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Thursday, 31 January 2013
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Other changes
Other changes introduced in OED Online re-launch of December 2010
Note: many of these changes are on-going, with new material being added as the site develops.

New design
The re-launched site has introduced numerous new features to make the text easier to read on the page and its various components easier to understand and follow up. In particular, users' ability to research OED's use of individual quotation sources has been increased beyond recognition.

That is not to say that there are not occasional glitches. But these will doubtless be ironed out as work progresses - and the particular glitches specified below, which EOED is reporting to OED, will probably have disappeared within months.

Each quotation is now set out on an individual line of text, making the whole much more 'eloquent to the eye', as Murray originally put it (Preface to NED, vol 1 (1888), p. vi), and with the title of every quotation source hyperlinked. Clicking on the link conjures up a box with much further information, itself hyperlinked, allowing one to see how this individual text has been quoted elsewhere in the OED, for example, and how other works by the same author (where applicable) have been quoted.

The cumulative effect is to make it absolutely clear to the user that the OED is constructed from its quotations, and that different sources have been quoted by the OED at vastly different rates. These innovative features of the re-launch thus exemplify and demonstrate the claim made years ago by Craigie and Onions (in the Preface to the 1933 re-issue of OED1), that OED's 'basis is a collection of some five million excerpts from English literature of every period...Such a collection of evidence – it is represented by a selection of about 1,800,000 quotations actually printed – could form the only possible foundation for the historical treatment of every word and idiom which is the raison d'etre of the work. It is a fact everywhere recognized that the consistent pursuit of this evidence has worked a revolution in the art of lexicography.'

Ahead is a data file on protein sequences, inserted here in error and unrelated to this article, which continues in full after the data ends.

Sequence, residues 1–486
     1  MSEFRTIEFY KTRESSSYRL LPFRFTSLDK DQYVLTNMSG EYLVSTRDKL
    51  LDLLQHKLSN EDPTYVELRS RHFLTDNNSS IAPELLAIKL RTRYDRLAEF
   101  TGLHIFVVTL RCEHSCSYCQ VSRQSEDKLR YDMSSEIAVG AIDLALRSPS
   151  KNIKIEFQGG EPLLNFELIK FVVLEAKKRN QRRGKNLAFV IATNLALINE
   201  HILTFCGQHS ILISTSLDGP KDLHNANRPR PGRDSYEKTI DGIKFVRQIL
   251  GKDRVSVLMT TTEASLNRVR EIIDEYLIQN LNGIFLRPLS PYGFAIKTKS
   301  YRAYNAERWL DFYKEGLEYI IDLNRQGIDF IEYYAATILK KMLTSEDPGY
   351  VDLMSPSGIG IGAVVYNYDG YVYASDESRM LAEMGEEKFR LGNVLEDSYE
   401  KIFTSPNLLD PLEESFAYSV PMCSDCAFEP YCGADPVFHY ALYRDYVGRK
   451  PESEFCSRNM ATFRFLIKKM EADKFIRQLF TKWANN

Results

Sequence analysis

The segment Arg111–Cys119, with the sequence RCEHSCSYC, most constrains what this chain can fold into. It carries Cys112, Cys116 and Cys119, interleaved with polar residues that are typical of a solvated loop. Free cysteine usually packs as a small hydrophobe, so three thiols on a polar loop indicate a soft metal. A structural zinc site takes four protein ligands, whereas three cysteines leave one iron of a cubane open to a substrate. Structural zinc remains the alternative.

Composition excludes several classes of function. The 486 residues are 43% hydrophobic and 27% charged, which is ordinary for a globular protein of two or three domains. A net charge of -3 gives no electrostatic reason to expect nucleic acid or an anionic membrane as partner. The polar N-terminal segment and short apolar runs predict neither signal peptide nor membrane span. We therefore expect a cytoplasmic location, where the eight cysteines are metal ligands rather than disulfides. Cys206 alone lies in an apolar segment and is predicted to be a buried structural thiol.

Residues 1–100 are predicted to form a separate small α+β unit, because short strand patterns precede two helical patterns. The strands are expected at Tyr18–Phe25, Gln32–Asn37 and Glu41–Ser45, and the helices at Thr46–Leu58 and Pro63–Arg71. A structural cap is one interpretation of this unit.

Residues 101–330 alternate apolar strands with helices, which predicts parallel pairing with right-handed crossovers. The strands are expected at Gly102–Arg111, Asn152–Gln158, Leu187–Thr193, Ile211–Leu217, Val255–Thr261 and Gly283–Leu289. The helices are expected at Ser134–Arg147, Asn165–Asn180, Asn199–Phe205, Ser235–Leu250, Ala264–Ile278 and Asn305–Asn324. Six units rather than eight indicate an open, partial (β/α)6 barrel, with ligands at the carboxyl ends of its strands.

The new features also highlight the striking unevenness in OED's use of sources. The differences between rates of quotation almost certainly reflect the lexicographers' choices of which sources to consult (whether determined by the editors' cultural predilections or the respective availability of individual texts), rather than their intrinsic lexical value – as much of the research on Examining the OED explores.

An example will illustrate both the strengths and the potential weaknesses of these features, as at present (December 2011). Quotations under sense 4 of the noun motley are as follows:

4. An incongruous, multifarious, or confused mixture or assembly. Freq. with of.

  • 1609    Shakespeare Sonnets cx. sig. G3v,   I haue gone here and there, And made my selfe a motley to the view.
  • 1698    J. Fryer New Acct. E.-India & Persia 366   By their joint perverting the Holy Bible sprang up this motly of Blasphemous Dotages.
  • 1840    F. Marryat Poor Jack xxvi. 181   What with troops‥Lascars‥yellow men, sickly women, and half-caste children‥tigers‥turtles‥goats, and pigs, on the booms and main-deck, the vessel was in a strange motley of confusion.
  • 1864    D. G. Mitchell Wet Days at Edgewood (1884) 72   Interlacing the pages into a motley of patchwork.
  • 1889    Amer. Naturalist 23 494   A motley of white and gray on the head, neck, shoulders, and back.
  • 1920    D. H. Lawrence Women in Love xiv. 172   'My eye!' said Gudrun, sotto voce, looking at the motley of guests, 'there's a pretty crowd if you like!'
  • 1980    'J. le Carré' Smiley's People ix. 91   A sixty-foot giant trailer‥a motley of foreign registration stickers covering one door.
  • 1988    W. Kennedy Quinn's Bk. 256   The carriages‥are the American motley and they carry the motley-minded denizens of a nation at war and at play.

As described, the title of the text quoted is in each case hyperlinked. One can thus click through to screens detailing Shakespeare's prime position in the OED as one of the most heavily used sources of all, furnishing (currently) 33,150 quotations, of which 1,607 provide first evidence for a word and 8,112 first evidence for a particular meaning. Hamlet is the most quoted of his works, with 1,605 quotations, while the Sonnets provide 719 quotations. (These figures will change every quarter, as revised entries replace unrevised, and they represent a mixture of data derived from OED1's editorial treatment of Shakespeare and from that of OED3 – see discussion of OED3's treatment of Shakespeare on our page on the new search tools here. It would be helpful if the user were warned of this).